is due to the fact that the work visa application has to be done by the company, not the employee. It’s a tedious process but definitely not an undoable one, especially if you hire a lawyer to guide you. Any decent company knows that it is their responsibility, as they were the ones to decide to hire a foreigner instead of a Japanese national.

It is not on us, we’re not supposed to feel bad for the employer for having to go through the process. Oh, and being blackmailed for the fact is not an acceptable thing to have to go through, either.

If only I saw things this way 2 years ago.

I was told by the general manager that the visa application cost the company over 200,000 yen (~$1,900) which was more than I earned in a month working there. I later found out that going through a lawyer usually costs only around 60,000 yen (~$550), therefore either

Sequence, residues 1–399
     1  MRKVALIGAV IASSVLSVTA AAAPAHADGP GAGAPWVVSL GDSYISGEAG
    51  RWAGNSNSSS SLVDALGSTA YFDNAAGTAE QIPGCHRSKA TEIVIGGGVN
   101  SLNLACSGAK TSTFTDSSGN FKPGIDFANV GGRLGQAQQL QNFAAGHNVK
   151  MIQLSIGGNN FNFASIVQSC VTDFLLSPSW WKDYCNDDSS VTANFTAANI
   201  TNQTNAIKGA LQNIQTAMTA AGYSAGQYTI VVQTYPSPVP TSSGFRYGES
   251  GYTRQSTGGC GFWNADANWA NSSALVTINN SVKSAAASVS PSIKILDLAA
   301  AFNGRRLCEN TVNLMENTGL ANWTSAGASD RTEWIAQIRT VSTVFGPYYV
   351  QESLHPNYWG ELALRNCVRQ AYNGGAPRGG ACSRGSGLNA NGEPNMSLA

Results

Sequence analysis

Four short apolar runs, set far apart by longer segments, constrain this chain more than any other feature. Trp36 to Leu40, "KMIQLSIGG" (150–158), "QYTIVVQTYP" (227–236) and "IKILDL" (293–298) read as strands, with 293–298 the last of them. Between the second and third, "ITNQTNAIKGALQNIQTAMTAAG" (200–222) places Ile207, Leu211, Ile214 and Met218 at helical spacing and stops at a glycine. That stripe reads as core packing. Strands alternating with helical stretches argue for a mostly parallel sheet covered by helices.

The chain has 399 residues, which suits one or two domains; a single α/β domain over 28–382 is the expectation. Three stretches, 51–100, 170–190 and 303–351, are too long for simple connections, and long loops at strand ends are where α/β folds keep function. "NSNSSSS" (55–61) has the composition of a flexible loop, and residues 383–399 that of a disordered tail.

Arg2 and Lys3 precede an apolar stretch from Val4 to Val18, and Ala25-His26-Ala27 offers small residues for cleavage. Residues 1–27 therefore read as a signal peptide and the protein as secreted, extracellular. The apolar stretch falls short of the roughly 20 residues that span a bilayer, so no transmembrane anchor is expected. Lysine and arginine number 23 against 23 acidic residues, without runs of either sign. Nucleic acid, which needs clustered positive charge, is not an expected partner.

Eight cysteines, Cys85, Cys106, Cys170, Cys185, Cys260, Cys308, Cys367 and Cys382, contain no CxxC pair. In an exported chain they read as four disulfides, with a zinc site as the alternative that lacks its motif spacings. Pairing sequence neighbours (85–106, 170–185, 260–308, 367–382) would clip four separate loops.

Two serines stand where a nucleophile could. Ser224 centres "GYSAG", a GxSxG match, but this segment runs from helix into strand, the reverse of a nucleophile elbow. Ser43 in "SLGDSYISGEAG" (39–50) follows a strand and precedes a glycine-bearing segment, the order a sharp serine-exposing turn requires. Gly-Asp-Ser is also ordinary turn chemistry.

a) their lawyer swindled them,

b) they had to create so many documents from scratch and correct so much paperwork due to how unprofessional they had been, that the bills racked up or

c) they simply lied to me.

Your guess is as good as mine.

I remember asking them numerous times for an official employment contract as I wanted to have an actual document in my actual hands.

Thankfully, I had to sign a contract to submit for the visa application, but they didn’t even try to hide the fact that they had lied on paper regarding the work hours and salary, so to satisfy the application requirements. Suffice to say that I never saw my copy of the contract ever again after having signed it.

On top of that, they had also lied on the job posting regarding… absolutely everything.

No health insurance, no pension payments, or any other kind of insurance for that matter, you had to apply for all of it personally and pay for it out of your own pocket and with how little I was earning, that was a pretty high hurdle to beat. With barely enough money to survive upon covering the basics such as rent, utilities, internet, and phone bills.

I have no words to describe what it felt like working there.